I've been writing in this blog for over a decade, intermittently over the last number of years but still keeping record of my progress and development as a writer. I've kept this blog for that purpose - it's why I started it.
In my early days of writing and publishing poems I was obsessed with trying to understand the mysteries of how poets find their 'voice', and desperate to deepen my own poems and understanding of how poetry 'works' beyond the observable mechanics and tools of writing a poem.
It's something every writer has to work out for themselves with a kind of dedication and perseverance in the face of constant rejection and failure that seems idiotic from an outside perspective. It has always been a help to me when I caught a glimpse into someone else's struggle and at times shone light on how I myself might move forward. I have always been grateful when writers have been open about the mysteries of their progress.
Right now I'm absorbed in Lorca's struggle through a wonderful in-depth biography about him by Leslie Stainton. Lucky for us Lorca was a prolific letter writer and many of his friends kept detailed diaries of their lives with him so the biography is incredibly informative. Despite being a huge fan of his work, I knew very little about Lorca beforehand and it is wonderful for me to read how each of his collections - poems that I so love - were brought into being - his struggles, his obsessions, his influences, his evolving philosophy of poetry.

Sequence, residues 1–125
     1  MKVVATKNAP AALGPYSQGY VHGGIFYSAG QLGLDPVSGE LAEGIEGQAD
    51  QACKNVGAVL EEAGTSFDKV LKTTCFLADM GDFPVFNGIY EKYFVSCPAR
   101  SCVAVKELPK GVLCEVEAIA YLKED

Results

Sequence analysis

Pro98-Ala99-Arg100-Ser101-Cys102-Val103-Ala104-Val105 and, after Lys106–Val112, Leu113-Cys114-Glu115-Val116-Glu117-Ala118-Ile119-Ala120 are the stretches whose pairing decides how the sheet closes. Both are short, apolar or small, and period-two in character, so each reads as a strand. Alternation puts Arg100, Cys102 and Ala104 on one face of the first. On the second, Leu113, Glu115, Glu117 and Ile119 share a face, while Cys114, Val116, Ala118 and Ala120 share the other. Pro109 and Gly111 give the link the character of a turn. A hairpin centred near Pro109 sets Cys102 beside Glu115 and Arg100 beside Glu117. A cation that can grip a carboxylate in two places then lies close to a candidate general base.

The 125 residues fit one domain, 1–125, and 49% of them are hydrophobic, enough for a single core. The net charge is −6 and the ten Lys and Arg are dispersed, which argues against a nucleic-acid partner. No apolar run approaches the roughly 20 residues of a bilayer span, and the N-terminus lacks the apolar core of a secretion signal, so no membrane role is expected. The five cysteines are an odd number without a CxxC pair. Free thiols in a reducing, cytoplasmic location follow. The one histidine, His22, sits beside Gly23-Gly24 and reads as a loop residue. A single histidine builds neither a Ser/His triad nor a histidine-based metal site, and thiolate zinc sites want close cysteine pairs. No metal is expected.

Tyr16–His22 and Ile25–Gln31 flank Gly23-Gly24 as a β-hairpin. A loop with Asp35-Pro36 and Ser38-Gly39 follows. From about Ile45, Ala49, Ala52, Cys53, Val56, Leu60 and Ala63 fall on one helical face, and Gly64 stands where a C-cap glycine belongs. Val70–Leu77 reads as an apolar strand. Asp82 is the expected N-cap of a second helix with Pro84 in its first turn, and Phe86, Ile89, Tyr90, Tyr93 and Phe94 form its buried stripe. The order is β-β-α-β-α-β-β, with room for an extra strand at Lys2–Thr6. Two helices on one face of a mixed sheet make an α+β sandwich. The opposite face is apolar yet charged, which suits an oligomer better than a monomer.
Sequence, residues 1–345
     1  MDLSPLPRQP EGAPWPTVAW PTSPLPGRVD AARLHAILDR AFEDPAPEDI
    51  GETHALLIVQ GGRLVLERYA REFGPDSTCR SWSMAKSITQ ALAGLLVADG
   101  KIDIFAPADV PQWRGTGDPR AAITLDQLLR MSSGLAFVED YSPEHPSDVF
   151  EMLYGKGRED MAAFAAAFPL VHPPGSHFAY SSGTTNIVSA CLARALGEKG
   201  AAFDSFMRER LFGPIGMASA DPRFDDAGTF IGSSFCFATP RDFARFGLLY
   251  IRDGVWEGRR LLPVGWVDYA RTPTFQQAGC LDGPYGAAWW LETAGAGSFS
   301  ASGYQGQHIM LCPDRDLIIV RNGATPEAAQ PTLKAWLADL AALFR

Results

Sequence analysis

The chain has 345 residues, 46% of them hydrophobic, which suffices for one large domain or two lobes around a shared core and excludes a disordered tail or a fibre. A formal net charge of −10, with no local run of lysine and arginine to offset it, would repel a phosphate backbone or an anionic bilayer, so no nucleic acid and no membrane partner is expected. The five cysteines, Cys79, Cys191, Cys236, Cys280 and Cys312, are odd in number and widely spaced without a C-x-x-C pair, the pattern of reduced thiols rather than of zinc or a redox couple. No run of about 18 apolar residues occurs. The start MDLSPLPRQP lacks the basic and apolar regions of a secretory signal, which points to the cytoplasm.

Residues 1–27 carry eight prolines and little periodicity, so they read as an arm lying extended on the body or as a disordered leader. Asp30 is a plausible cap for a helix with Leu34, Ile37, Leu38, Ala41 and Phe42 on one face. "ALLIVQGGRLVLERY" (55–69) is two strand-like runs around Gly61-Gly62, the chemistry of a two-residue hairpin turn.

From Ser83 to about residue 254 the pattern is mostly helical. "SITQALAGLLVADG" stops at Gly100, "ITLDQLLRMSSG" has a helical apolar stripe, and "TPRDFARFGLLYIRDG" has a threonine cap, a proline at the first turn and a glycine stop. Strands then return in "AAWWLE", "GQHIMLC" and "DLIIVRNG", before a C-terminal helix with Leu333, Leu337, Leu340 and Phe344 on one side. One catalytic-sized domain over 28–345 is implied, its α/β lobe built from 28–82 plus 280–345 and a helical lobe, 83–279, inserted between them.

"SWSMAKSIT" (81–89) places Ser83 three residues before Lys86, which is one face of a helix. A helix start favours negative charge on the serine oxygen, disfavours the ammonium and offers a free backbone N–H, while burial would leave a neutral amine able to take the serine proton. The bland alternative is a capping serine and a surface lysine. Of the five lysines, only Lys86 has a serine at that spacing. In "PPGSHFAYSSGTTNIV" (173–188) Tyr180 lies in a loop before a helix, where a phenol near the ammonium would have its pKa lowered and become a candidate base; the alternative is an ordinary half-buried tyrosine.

Here are some quotes from the book so far that I have found particularly interesting -
"As a poet he remained committed to the ideal of “pure” poetry...Poetry must free itself from the “puzzle of the image and from the planes of reality.” It must ascend to an “ultimate plane of purity and simplicity”—the plane of “escape,” poetry’s last and purest realm."
"To Lorca, the world of the child embodied the same type of “escape” he sought to achieve as a poet. Filled with gentle descriptions of mother and child, and wistful portraits of childhood itself"
"The child, he said, inhabits an “inaccessible poetic world that neither rhetoric nor the pandering imagination nor fantasy can penetrate.” The child, like the poet or painter who courts pure inspiration, is capable of discovering mysterious and indecipherable relations between things."
"The lullaby, he told his audience, is the bridge that links the child’s magical world to the adult’s more rational one."
“When I correct proofs, I experience the inevitable sensation of death,”
"Lorca hoped to effect a radical new synthesis of the traditional and the avant-garde. Stylization, not imitation, was the key to his approach. In his lecture on cante jondo he had argued that artists should never seek to copy the ineffable modulations of traditional material, for “we can do nothing but blur them. Simply because of education.”"